“I was stunned when he refused our request, saying ‘that’s news to me’ in regard to my comments about the wide use of drugs on his cruises,” Key wrote. “We were prepared with a number of recommendations to help protect passengers, but by refusing to even acknowledge the truth, he had no interest in hearing our suggestions.” After all, a friend of Campbell’s “was arrested on your Allure of the Seas in 2011 for dealing drugs.”
Key explained that he had enjoyed his three times on Atlantis cruises. “Unfortunately, the cruises are also the perfect storm for potential tragedy,” he wrote. “On cruises, where there are no security personnel, people are able to quickly go back and forth to their cabin during parties, night after night, increasing the likelihood they’ll take more drugs than their bodies can handle. And when that happens, there are no nearby hospitals.”
Since Campbell profits while dodging culpability, Key wrote, “if Royal Caribbean continues to operate ships for Atlantis, you—and the head of Holland America and other cruise lines chartered by his company—must take action to prevent any more needless deaths. If you remain complicit, you’ll have on your hands the blood of those who die on future cruises.”
It’s not a brain twister: medical staff must know how to treat distressed guests—and “passengers must know how to recognize the signs someone has overdosed and how to quickly get them the treatment they need, without fear of prosecution or discrimination,” Key wrote.
Dr. Travis Cosban, an ER doctor and passenger aboard Taylor’s cruise, also responded to critics holding Atlantis blameless and touting each passenger’s “personal responsibility,” ignoring that partygoers may not know the strength of the drugs they’re taking or how they might react to combinations of drugs.
In his letter to Bayley and Atlantis talked about the “fear” of coming forward. “Rumors were flying on social media that if anyone was caught with or under the influence of drugs they may be detained, arrested or removed from the boat. Consequentially, it does not surprise me that passengers would be hesitant to bring anyone to the appropriate medical facility on board. This culture of fear was created by Atlantis,” Cosban wrote. “Providing staff and medical treatment locations that are safe spaces is essential to healthcare delivery and passenger safety. This is true on land and it is true on water…. Atlantis cannot claim ignorance now.”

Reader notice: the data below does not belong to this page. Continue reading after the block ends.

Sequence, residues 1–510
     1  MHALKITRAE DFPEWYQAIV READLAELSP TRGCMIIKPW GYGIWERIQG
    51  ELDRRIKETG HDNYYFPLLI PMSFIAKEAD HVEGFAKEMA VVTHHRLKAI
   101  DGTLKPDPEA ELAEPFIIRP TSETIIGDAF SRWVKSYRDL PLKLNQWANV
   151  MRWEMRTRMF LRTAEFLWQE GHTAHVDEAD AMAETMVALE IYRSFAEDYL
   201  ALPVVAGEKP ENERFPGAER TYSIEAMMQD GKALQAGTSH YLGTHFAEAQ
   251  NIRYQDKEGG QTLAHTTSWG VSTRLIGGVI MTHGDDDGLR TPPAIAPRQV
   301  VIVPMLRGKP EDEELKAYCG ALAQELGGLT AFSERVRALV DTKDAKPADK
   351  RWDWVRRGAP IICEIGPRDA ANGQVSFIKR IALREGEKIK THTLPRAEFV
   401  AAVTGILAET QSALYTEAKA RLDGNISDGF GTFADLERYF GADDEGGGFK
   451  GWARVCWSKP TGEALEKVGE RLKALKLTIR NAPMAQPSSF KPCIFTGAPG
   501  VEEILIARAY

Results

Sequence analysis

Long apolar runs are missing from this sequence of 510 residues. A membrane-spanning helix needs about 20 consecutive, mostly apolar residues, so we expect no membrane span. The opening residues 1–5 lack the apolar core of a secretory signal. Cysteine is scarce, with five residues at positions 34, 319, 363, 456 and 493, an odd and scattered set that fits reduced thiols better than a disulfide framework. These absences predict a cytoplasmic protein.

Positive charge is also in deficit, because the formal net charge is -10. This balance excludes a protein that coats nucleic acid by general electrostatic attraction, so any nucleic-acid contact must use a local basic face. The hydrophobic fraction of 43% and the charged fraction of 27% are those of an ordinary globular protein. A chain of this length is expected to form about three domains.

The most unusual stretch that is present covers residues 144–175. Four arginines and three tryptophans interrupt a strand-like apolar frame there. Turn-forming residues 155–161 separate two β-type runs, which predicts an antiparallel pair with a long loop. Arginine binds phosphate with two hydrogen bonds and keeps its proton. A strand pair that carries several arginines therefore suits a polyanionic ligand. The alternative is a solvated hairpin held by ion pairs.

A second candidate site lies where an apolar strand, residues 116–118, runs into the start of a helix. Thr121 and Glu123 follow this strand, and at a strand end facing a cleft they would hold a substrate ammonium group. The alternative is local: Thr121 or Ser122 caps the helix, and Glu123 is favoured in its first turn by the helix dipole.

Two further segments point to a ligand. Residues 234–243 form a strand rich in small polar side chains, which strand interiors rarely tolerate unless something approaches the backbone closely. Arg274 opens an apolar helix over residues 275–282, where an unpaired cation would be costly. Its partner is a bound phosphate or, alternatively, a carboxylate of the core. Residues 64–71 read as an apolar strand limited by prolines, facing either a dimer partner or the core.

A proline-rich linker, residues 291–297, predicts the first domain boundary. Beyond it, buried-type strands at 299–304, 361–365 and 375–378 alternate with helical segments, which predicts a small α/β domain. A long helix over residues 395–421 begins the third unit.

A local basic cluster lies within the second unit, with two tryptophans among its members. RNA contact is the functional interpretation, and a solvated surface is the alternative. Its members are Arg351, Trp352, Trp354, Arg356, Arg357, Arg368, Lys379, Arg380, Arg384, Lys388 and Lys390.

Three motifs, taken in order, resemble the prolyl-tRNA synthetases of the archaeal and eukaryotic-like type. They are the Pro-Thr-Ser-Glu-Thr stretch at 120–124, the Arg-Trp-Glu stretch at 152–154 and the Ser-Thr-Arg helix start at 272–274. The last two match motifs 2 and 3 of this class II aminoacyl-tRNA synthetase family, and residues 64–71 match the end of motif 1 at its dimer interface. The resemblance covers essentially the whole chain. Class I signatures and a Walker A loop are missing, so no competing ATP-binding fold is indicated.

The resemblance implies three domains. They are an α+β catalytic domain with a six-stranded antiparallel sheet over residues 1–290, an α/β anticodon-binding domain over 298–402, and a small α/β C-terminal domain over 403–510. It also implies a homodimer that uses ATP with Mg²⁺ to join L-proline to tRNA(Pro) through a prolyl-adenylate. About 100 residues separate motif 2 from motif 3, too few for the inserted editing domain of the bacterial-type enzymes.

“The best step forward,” Cosban continued, “is taking reasonable actions to ensure prevention is a priority for future cruises. This requires a change in attitude and a change in culture. No one should ever fear seeking help when they most need it and Atlantis should put resources in place to ensure that doctors can be the safety net they are trained to be.”
For some people, the controversy over the Royal Caribbean/Atlantis Events drug-fueled party scene is out of line. But for others, it hits home.
“As a survivor of dance floor drugs and a serious meth addiction that nearly killed me, I was once one of the bodies carried from a dance floor and into an ambulance,” longtime AIDS activist Mark S, King, writer at MyFabulousDisease.com, tells the Los Angeles Blade. “Fortunately for me, this occurred on land, in a city where medical personnel and a hospital were nearby. I barely escaped becoming a statistic myself. So I have empathy for the gay men who believe they are having the times of their lives.”
King’s revelry blinded him to his naiveté about mixing drugs. ”That’s where my heart goes out to the clueless party boys aboard the Atlantis cruises,” he says. “Except, when they dose themselves into oblivion, there are no experienced EMT people at the ready, no ambulances, no hospitals. Their relative experience has deadly consequences.
“If we learned anything from HIV activism, it is that moral judgments get us nowhere when addressing a public health crisis, which this certainly is,” King continues. “None of us should sentence anyone to a death ‘they deserved’ because they were careless, when they were trying to find a tribe with which to belong. I get that. It’s easy for others to pass judgment. I would rather demand that these cruise lines have the guts to address this issue and quit hiding behind their soft porn marketing campaigns. They must address this.”
And what if they don’t?